Paper industry on the brink of collapse

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The sole newsprint manufacturing company in the country was among the enterprises which went bankrupt and shuttered during the pandemic. In a hearing by the Tariff Commission on February 16, the Trust International Paper Corp. (TIPCO) formally announced that it has already shut down its plant in Mabalacat, Pampanga on June 2020. All of its 258 workers were retrenched.

The company hopes to restart its operations but prospects remain dim.

TIPCO attributed its bankruptcy primarily to the flooding of imported paper in the market and the absence of support for local producers. Just like other local companies, TIPCO suffered huge losses as it spent more for production with less advanced machinery, unable to compete with foreign companies who sold their products at lower prices. The company’s income was not enough to upgrade its machineries. Its sales and income shrank after the goverment dismantled the tariff on imported paper.

Conservative estimates by the Tariff Commission sought a duty of at least ₱2,470 per metric ton on paper products to safeguard local companies. However, the Department of Trade and Industry only implemented a tariff of ₱980 per metric ton on newsprint in 2015. This was further decreased by the Duterte regime to ₱800 in 2016, and to ₱640 in 2017.

Many local companies have closed down over the past two decades. Currently, there are only 23 paper manufacturing companies left in the country, from 43 in 2001 and 27 in 2010. Majority (21) of the remaining plants are in Luzon. These companies manufacture paper products including writing and printing paper, tissue, cartons, paper bags, and brown packaging paper. These products are produced primarily using imported virgin pulp and wastepaper.

The total value of paper produced in the Philippines decreased from ₱26 billion in 2019 to ₱21 billion in 2020. On the other hand, its imports increased to ₱71.2 billion in 2019, almost seven times higher than the ₱10.4 billion recorded in 2005.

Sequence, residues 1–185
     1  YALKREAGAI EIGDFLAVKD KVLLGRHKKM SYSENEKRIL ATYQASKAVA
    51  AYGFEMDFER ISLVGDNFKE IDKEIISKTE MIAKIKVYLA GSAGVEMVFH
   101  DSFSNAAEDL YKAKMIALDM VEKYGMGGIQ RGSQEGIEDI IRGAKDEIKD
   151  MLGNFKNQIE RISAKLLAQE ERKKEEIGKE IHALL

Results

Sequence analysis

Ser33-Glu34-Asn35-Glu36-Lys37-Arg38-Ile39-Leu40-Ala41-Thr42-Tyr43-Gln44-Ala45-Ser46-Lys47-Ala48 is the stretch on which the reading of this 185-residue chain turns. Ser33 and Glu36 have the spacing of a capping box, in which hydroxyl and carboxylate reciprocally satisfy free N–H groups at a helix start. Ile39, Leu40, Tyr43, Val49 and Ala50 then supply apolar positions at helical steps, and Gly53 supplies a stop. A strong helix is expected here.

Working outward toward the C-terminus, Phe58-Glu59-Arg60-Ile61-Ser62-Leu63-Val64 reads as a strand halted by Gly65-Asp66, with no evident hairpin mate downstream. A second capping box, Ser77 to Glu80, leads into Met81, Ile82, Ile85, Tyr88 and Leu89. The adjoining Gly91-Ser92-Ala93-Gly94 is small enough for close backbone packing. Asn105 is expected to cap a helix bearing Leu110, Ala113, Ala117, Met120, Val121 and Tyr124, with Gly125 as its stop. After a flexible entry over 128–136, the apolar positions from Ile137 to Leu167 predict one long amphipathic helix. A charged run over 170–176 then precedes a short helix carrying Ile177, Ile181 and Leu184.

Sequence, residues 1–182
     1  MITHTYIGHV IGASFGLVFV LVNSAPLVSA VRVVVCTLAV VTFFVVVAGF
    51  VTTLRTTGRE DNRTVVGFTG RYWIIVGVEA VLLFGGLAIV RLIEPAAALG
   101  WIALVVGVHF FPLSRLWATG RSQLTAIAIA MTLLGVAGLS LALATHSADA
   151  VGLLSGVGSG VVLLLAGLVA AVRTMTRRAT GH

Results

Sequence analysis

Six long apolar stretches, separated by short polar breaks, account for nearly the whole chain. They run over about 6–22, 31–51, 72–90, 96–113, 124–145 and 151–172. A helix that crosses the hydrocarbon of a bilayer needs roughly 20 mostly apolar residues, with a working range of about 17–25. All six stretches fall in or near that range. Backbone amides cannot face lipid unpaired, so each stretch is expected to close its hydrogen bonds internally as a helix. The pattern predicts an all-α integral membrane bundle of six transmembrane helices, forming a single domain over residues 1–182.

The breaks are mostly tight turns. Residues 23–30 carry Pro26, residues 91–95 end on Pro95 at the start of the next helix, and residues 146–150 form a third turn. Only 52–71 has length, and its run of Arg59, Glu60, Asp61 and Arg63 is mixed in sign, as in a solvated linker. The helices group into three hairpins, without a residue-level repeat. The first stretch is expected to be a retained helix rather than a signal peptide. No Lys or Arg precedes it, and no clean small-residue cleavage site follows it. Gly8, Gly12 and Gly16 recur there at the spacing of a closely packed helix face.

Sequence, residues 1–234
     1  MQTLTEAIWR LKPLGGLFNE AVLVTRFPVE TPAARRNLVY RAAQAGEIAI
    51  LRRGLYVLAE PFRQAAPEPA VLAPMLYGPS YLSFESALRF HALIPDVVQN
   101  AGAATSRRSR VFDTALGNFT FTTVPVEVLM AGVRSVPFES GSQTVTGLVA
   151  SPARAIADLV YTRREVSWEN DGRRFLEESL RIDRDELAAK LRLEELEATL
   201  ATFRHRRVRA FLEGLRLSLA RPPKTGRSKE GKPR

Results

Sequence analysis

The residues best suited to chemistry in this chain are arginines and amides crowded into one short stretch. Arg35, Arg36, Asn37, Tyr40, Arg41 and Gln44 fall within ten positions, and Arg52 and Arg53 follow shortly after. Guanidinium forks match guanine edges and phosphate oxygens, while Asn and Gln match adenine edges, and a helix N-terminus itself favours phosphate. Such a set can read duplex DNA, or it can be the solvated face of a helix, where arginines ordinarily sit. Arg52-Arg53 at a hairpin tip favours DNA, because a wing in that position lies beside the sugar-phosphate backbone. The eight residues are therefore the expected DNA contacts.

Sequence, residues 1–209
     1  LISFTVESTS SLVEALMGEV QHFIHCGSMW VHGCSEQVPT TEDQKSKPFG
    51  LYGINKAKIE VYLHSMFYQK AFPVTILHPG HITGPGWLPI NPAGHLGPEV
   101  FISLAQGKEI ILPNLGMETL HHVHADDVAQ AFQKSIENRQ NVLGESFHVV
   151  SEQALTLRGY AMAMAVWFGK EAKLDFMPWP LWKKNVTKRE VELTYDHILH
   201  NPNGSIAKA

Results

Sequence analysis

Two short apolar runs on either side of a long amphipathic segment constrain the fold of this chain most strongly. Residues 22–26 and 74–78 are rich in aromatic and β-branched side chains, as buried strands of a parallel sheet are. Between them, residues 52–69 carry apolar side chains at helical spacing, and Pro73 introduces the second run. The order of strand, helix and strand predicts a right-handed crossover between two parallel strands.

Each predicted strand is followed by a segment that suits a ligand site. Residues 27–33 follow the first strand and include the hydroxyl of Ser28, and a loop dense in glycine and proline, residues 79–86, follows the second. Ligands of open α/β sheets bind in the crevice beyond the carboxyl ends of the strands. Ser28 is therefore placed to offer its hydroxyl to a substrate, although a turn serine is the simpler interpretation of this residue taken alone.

The absence of technology to manufacture virgin pulp is a big hindrance to local producers. The country’s unrestricted importation of virgin pulp started in 2010 after the processing plant of the Paper Industries Corporation of the Philippines (PICOP) in Surigao del Sur closed down. PICOP was the sole local company capable of manufacturing the said product.

As an alternative, local companies use recycled wastepaper in producing paper products. There are around 80 processing plants in the country with the capacity to convert wastepaper. However, a report by the Food and Agriculture Organization in 2014 indicates that this technology is not enough to meet the internal demand for paper. In fact, local producers also imports a portion (10%) of the wastepaper which they utilize. The quality of paper produced by local companies is weaker because of their relatively backward technology. As a result, local producers could not compete with big foreign companies who can produce more paper at cheaper costs.

There are also four abaca pulp manufacturing companies in the Philippines. The said product can be used to manufacture paper money, tea bags and other paper products. However, the country do not benefit from these as their products are mainly for export. Nearly two-thirds of the total amount of the abaca pulp manufactured in the country are exported to Europe. The largest of these companies is the Newtech Pulp in Lanao del Norte, a subsidiary of US-based multinational company Glatfelter. Among Glatfelter’ major clients is Unilever, a Europe-based company which owns Lipton Tea.

Paper industry on the brink of collapse